Sidor som bilder

The path of prayer thyself hast trod :
Lord teach us how to pray.



AWAKE, Sweet harp of Judah, wake,
Retune thy strings for Jesus' sake;
We sing the Saviour of our race,
The Lamb, our shield and hiding-place.

When God's right arm is bared for war,
And thunders clothe his cloudy car,
Where, where, O where, shall man retire,
To escape the horrors of his ire?

'Tis he, the Lamb, to him we fly,
While the dread tempest passes by;
God sees his Well-beloved's face,
And spares us in our hiding-place.

Thus while we dwell in this low scene,
The Lamb is our unfailing screen;
To him, though guilty, still we run,
And God still spares us for his Son.

While yet we sojourn here below,
Pollutions still our hearts o'erflow;
Fall'n, abject, mean, a sentenc'd race,
We deeply need a hiding-place.

Yet courage-days and years will glide,
And we shall lay these clods aside;
Shall be baptized in Jordan's flood,
And wash'd in Jesus' cleansing blood.

Then pure, immortal, sinless, freed,
We through the Lamb shall be decreed;

Shall meet the Father face to face,
And need no more a hiding-place.



Look on its broken arch, its ruin'd wall,
Its chambers desolate, and portals foul.
Yes, this was once Ambition's airy hall,
The dome of Thought, the palace of the Soul:
Behold through each lack-lustre eyeless hole,
The gay recess of wisdom and of wit,
And passions hot that never brook'd control.
Can all saint, sage, or sophist, ever writ,
People this lonely tower, this tenement refit?



ROLL on, thou deep and dark blue ocean-roll!
Ten thousand fleets sweep over thee in vain ;
Man marks the earth with ruin-his control
Stops with the shore;-upon the wat'ry plain
The wrecks are all thy dead, nor doth remain
A shadow of man's ravage, save his own,
When, for a moment, like a drop of rain
He sinks into thy depths with bubbling groan,
Without a grave, unknell'd, uncoffin'd, and un-

His steps are not upon thy paths,-thy fields
Are not a spoil for him,-thou dost arise
And shake him from thee; the vile strength he

For earth's destruction thou dost all despise,
Spurning him from thy bosom to the skies,

And send'st him, shivering in thy playful spray And howling, to his gods, where haply lies His petty hopes in some near fort or bay, And dashest him again to earth:-there let him lay. The armaments which thunder-strike the walls Of rock-built cities, bidding nations quake, And monarchs tremble in their capitals, The oak leviathans, whose huge ribs make Their clay creator the vain title take Of lord of thee, and arbiter of war;

These are thy toys, and, as the snowy flake, They melt into thy yeast of waves, which mar Alike the Armada's pride, or spoils of Trafalgar.

Thy shores are empires changed in all save theeAssyria, Greece, Rome, Carthage, what are they? Thy waters wasted them while they were free; And many a tyrant since; their shores obey The stranger, slave, or savage; their decay Has dried up realms to deserts:-not so thou, Unchangeable save to thy wild waves' playTime writes no wrinkle on thine azure browSuch as creation's dawn beheld, thou rollest now.

Thou glorious mirror, where the Almighty's form Glasses itself in tempests; in all time,

Calm or convulsed-in breeze, or gale, or storm, Icing the pole, or in the torrid clime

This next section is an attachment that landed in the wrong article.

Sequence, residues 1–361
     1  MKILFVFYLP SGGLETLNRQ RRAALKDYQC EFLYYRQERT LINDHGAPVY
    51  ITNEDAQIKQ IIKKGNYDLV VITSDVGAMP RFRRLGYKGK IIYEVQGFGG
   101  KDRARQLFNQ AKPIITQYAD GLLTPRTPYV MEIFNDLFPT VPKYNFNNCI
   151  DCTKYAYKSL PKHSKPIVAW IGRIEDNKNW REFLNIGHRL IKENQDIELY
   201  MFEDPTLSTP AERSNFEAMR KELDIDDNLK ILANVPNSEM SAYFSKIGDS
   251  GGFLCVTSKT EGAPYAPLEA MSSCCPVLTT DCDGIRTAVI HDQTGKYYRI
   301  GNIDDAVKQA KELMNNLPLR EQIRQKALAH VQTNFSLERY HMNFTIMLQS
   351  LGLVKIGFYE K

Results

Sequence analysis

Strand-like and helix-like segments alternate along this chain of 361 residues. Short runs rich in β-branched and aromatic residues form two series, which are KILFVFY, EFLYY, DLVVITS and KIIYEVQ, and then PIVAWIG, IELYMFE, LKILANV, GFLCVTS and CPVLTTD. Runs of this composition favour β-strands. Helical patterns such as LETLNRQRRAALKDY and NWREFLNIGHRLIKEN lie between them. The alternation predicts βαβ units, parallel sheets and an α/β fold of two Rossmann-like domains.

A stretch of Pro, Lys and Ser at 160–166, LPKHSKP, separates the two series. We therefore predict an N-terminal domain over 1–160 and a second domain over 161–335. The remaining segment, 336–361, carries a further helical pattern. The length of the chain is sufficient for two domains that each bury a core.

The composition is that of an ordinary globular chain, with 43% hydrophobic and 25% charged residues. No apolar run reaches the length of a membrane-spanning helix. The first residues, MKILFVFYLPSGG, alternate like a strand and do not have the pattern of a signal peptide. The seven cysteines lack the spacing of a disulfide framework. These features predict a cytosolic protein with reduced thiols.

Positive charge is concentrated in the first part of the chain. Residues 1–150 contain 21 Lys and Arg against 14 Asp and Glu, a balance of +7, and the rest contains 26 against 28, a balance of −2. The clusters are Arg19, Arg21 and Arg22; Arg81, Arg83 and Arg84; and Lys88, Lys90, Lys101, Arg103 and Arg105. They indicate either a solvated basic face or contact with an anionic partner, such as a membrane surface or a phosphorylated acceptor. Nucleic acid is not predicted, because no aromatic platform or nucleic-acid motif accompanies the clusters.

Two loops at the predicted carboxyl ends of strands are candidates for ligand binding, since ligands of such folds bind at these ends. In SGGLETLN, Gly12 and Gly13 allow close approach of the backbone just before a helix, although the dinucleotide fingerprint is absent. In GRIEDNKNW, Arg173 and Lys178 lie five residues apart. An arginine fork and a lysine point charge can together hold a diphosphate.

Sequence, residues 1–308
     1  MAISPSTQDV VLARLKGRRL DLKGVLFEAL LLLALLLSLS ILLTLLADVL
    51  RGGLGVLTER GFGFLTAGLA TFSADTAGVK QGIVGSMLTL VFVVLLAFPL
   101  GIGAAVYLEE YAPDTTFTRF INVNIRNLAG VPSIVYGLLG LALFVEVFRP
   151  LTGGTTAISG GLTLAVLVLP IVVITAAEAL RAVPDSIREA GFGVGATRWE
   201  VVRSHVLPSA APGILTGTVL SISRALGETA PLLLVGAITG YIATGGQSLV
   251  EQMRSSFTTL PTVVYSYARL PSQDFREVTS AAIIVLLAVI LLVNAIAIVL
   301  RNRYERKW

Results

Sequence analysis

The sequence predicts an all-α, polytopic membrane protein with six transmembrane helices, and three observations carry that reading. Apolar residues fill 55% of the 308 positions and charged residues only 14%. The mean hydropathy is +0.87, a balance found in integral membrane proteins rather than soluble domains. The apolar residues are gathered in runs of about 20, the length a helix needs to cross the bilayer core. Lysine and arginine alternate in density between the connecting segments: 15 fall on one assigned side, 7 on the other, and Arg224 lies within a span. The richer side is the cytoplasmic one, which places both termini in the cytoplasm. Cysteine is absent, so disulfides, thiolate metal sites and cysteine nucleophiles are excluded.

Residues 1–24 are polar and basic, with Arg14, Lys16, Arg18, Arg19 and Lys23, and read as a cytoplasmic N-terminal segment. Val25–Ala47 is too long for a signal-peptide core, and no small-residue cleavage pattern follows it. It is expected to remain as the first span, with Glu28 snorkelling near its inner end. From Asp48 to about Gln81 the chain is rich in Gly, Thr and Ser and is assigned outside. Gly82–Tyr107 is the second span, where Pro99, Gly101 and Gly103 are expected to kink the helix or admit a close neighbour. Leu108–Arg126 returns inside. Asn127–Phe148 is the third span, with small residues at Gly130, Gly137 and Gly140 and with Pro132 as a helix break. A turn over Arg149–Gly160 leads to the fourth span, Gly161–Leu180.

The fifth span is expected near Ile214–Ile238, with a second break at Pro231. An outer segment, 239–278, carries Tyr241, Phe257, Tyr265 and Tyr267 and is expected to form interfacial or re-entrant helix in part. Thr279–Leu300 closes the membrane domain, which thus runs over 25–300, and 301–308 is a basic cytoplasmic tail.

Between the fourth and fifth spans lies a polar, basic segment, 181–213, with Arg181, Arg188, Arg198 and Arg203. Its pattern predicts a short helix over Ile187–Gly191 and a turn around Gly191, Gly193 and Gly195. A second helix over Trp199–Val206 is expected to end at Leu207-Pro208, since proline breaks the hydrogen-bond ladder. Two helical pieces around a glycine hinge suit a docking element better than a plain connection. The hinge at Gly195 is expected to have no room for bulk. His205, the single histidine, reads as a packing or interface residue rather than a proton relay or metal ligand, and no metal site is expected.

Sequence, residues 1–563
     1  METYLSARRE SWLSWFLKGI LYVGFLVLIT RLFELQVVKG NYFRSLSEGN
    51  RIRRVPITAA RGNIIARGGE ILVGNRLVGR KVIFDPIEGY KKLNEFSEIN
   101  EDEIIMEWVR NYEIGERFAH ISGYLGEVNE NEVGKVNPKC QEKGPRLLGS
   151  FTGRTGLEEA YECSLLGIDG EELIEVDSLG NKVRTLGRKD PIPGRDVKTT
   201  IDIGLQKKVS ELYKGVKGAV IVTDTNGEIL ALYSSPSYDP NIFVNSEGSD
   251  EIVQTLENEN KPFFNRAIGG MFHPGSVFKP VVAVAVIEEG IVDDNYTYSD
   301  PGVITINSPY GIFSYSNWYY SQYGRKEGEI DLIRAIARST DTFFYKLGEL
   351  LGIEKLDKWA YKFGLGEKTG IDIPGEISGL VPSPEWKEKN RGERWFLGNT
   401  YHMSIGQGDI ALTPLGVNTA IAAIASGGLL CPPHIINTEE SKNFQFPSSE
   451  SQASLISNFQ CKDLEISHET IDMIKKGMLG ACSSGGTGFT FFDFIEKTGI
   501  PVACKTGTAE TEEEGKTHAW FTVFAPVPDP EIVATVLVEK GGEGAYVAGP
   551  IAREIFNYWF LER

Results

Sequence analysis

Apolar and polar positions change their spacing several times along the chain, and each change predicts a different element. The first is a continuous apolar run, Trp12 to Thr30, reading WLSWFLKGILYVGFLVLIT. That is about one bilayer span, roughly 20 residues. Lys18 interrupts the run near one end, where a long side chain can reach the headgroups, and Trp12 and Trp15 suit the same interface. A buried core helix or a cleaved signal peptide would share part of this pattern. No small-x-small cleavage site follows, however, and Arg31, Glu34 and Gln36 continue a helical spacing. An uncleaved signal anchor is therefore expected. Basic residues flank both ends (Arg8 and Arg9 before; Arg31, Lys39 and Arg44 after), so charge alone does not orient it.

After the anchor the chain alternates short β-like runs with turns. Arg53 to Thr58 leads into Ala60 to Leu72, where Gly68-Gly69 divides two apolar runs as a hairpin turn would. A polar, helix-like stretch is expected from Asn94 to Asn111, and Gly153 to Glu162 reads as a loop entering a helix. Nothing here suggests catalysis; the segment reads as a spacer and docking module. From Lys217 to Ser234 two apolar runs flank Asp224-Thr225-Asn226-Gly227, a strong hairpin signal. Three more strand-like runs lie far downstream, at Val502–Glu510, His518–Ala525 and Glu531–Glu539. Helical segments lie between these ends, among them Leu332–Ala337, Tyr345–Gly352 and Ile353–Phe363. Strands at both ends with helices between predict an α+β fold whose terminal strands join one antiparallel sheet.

Dark-heaving ;-boundless, endless, and sublime

The image of Eternity-the throne

Of the Invisible; even from out thy slime

The monsters of the deep are made; each zone Obeys thee; thou goest forth, dread, fathomless,




Nor seldom, clad in radiant vest,
Deceitfully goes forth the Morn;
Not seldom Evening in the west
Sinks smilingly forsworn.

The smoothest seas will sometimes prove,
To the confiding Bark, untrue;

And if she trust the stars above,
They can be treacherous too.

The umbrageous Oak, in pomp outspread,
Full oft, when storms the welkin rend,
Draws lightning down upon the head
It promised to defend.

But Thou art true, incarnate Lord!
Who didst vouchsafe for man to die;
Thy smile is sure, thy plighted word
No change can falsify!

I bent before thy gracious throne,
And ask'd for peace with suppliant knee;
And peace was given-nor peace alone,
But faith, and hope, and ecstacy!




THEY sin who tell us Love can die.
With life all other passions fly,
All others are but vanity.

In heaven ambition cannot dwell,
Nor avarice in the vaults of hell.
Earthly these passions, are of earth,
They perish where they have their birth.
But Love is indestructible;

Its holy flame for ever burneth,

From heaven it came, to heaven returneth
Too oft on earth a troubled guest,
At times deceived, at times opprest,
It here is tried and purified,

And hath in heaven its perfect rest;
It soweth here with toil and care,
But the harvest-time of Love is there.
O! when a mother meets on high
The babe she lost in infancy,
Hath she not then, for pains and fears,
The day of wo, the anxious night,
For all her sorrow, all her tears,
An over-payment of delight!


[ocr errors]


BRIGHT be the place of thy soul,
No lovelier spirit than thine
E'er burst from its mortal control,
In the orbs of the blessed to shine.

On earth thou wert all but divine,

As thy soul shall immortally be;

And our sorrow may cease to repine

When we know that thy God is with the

Light be the turf of thy tomb!

May its verdure like emeralds be,
There should not be the shadow of gloom
In aught that reminds us of thee.
Young flowers and an evergreen tree
May spring from the spot of thy rest;
But nor cypress, nor yew let us see;

For why should we mourn for the blest?


« FöregåendeFortsätt »